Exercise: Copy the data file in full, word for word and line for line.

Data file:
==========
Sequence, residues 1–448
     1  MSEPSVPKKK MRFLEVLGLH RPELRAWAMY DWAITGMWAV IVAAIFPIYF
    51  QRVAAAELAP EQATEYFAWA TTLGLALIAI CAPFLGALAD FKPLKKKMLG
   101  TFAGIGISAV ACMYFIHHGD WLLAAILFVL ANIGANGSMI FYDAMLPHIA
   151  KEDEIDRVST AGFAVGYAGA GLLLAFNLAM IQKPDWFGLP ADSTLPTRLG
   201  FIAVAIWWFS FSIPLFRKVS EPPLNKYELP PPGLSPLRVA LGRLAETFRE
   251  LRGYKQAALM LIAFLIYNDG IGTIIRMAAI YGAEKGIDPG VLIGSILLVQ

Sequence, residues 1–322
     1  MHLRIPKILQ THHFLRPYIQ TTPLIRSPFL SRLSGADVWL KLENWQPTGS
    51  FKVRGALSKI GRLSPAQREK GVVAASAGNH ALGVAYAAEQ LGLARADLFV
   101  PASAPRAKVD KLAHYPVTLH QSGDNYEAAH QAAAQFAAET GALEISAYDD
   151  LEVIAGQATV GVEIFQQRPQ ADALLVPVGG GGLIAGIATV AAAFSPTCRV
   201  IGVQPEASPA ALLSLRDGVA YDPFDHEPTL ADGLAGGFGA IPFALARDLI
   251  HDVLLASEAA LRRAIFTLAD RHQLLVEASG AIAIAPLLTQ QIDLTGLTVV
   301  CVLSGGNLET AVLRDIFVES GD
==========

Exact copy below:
Sequence, residues 1–448
     1  MSEPSVPKKK MRFLEVLGLH RPELRAWAMY DWAITGMWAV IVAAIFPIYF
    51  QRVAAAELAP EQATEYFAWA TTLGLALIAI CAPFLGALAD FKPLKKKMLG
   101  TFAGIGISAV ACMYFIHHGD WLLAAILFVL ANIGANGSMI FYDAMLPHIA
   151  KEDEIDRVST AGFAVGYAGA GLLLAFNLAM IQKPDWFGLP ADSTLPTRLG
   201  FIAVAIWWFS FSIPLFRKVS EPPLNKYELP PPGLSPLRVA LGRLAETFRE
   251  LRGYKQAALM LIAFLIYNDG IGTIIRMAAI YGAEKGIDPG VLIGSILLVQ

Sequence, residues 1–322
     1  MHLRIPKILQ THHFLRPYIQ TTPLIRSPFL SRLSGADVWL KLENWQPTGS
    51  FKVRGALSKI GRLSPAQREK GVVAASAGNH ALGVAYAAEQ LGLARADLFV
   101  PASAPRAKVD KLAHYPVTLH QSGDNYEAAH QAAAQFAAET GALEISAYDD
   151  LEVIAGQATV GVEIFQQRPQ ADALLVPVGG GGLIAGIATV AAAFSPTCRV
   201  IGVQPEASPA ALLSLRDGVA YDPFDHEPTL ADGLAGGFGA IPFALARDLI
   251  HDVLLASEAA LRRAIFTLAD RHQLLVEASG AIAIAPLLTQ QIDLTGLTVV
   301  CVLSGGNLET AVLRDIFVES GD